4 reasons Miliband's pledge to end non-dom tax status is a GOOD idea

Exclusive comments from business leaders

Ed Miliband will announce a pledge to tackle non-dom status in the UK – where rich Brits avoid big tax bills by officially living elsewhere.

In a speech today, Miliband will say: “The problem is it isn’t true. It is a recipe that doesn’t work for most working people, doesn’t work for business and doesn’t work for Britain.

“It works against every business and working person in this country who has to pay more as a result, everybody who relies on public services like the NHS, everybody who believes in Britain and a fair and modern country.

“The United States doesn’t do it. No other major country in the developed world does it. No one would propose doing it now if didn’t already exist. One rule for some and another for others? It is unjust, it does not work, it holds Britain back and we will stop it.”

Duncan Bannatyne - it’s brave

Despite publicly backing the Tories as one of 100 businesspeople who signed a letter to the Telegraph backing David Cameron, the former Dragons Den investor said: “Ed Milliband says he will abolish non-dom status in UK. This gets my vote I never thought any party would have courage to do this.”

John Mills - the current situation is unfair

The JML founder and chairman said: “In my view, the non dom situation is unfair and anomalous and I strongly support Ed Balls in his being willing to tackle it. I think it is reasonable to allow a transition period, as has been proposed.

“There are always some downsides to any policy changes but on balance I think that the benefits in terms of fairness and additional government income easily outweigh the costs in terms of discouraging more rich people to live in the UK – which I don’t think is necessarily a major overall benefit to the country in any event.”

Jon Moulton - current rules are too complex

The chairman and founder of Better Capital said: “A mixed blessing! Some bring good money into the UK from their spending here – VAT, stamp duty and the like and are to encouraged – after all we would lose a lot of the funding for the football industry if rich non-doms left!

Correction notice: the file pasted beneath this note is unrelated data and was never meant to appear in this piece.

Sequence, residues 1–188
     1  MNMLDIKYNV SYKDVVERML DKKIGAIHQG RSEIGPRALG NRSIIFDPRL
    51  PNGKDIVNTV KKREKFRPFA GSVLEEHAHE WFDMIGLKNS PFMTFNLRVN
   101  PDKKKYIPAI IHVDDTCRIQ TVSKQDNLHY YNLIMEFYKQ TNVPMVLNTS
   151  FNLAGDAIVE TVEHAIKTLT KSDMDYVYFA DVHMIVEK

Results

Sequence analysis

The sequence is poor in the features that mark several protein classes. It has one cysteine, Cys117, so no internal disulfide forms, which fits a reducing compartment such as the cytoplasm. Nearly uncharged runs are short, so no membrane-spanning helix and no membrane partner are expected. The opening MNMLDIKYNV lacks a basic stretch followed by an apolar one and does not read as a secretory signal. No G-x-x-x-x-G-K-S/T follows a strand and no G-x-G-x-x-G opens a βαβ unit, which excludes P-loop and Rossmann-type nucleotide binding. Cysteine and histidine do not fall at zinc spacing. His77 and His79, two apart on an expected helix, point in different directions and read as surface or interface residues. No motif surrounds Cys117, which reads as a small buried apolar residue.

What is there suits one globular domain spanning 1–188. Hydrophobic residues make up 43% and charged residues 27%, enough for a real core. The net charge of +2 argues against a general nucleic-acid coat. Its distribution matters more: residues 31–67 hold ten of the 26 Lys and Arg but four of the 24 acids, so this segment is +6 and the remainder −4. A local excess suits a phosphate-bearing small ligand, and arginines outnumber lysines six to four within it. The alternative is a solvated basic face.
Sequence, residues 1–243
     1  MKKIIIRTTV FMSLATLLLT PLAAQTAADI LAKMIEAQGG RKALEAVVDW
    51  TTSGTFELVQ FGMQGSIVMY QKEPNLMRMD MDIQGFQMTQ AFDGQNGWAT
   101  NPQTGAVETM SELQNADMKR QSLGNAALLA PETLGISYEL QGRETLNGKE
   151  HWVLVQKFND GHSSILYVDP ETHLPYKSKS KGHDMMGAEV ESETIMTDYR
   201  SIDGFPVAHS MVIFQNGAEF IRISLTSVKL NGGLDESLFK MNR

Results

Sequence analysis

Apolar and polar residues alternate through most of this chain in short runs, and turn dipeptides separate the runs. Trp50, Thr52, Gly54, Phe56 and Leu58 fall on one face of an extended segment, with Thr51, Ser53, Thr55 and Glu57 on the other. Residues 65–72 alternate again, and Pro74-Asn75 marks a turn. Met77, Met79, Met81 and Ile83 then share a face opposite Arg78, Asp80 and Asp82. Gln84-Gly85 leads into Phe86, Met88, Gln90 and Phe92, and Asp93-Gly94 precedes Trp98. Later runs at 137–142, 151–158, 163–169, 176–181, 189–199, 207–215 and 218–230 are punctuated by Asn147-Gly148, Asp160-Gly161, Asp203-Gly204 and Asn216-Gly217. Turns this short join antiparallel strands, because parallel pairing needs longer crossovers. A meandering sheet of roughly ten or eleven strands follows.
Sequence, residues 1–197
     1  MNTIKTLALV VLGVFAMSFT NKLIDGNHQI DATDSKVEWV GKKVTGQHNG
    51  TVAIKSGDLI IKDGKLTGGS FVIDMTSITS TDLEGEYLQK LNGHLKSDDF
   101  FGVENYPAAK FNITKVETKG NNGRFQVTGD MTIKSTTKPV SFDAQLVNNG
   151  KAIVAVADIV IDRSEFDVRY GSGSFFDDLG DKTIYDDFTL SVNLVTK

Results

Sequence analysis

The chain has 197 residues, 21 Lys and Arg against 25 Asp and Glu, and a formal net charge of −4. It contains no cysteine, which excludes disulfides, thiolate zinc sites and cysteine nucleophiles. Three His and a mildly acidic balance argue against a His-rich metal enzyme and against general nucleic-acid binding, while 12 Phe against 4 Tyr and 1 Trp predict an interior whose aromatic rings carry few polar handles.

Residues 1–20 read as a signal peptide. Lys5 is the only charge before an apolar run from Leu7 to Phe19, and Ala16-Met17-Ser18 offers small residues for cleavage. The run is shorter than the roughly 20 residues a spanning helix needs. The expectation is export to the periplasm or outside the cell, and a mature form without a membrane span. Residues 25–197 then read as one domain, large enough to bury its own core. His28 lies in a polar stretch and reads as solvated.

“On the other hand, it is silly that people who have spent decades in the UK should be taxed any differently from the rest of the population because their dad came from Brazil or Eqypt.

“The current rules are far too complex and silly – simpler and fairer rules could easily be implemented. Live here for the majority of say 10 years and welcome would be about right.

“You do want the mega rich to move to London. The UK should not be too proud to agree tax deals with these souls – the Swiss do it and they benefit mightily from it. 10% on global income would generate a lot of money and would be a very simple idea to lure wealth to the UK.”

Financial Times – the status cannot be defended

Last month, the FT said in a leader: “Britain should sweep away the archaism that allows people to claim a domicile that differs from nationality or residence. Few other civilised countries feel the need to offer such privileges to the wealthy. Liability to taxation should be solely based on residence. There can still be a grace period for foreign nationals posted temporarily to the UK before they are obliged to pay British tax.

“More than two centuries after the introduction of income tax by Mr Pitt, his successors should end the egregious situation where the wealthiest enjoy the privileges of UK residency without paying their fair dues to the exchequer. The anomaly of non-dom status cannot be defended. It should be scrapped.”

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Readers' comments (2)

  • Michael Smith

    Damn right! Another example of the Tories looking after their own whilst the rest of us, who don't have clever accountants and overseas businesses, pay every penny due. No other civilised country does this. The class sytem at it's worst.

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  • Anonymous

    The non-domicile rule is, on the face of it, a relic of the past. However, the reality is not as simple as Miliband would have us all believe. The UK resident non-doms still pay a huge amount of tax and their assets are managed here employing a large number od people and maintaining London's role as world centre of financial services. If the rule was abolished in one go the non-doms would relocate to places like Switzerland and the UK would suffer. The rule is being gradually eroded by the imposition of charges and will fade in time. If Miliband is motivated by principle, which I doubt, why did the previous Labour government abolish the rule when it had the opportunity? This is another example of Miliband's shallow political posturing and is further evidence (not that any is needed) that he is not up to the job of prime minister.

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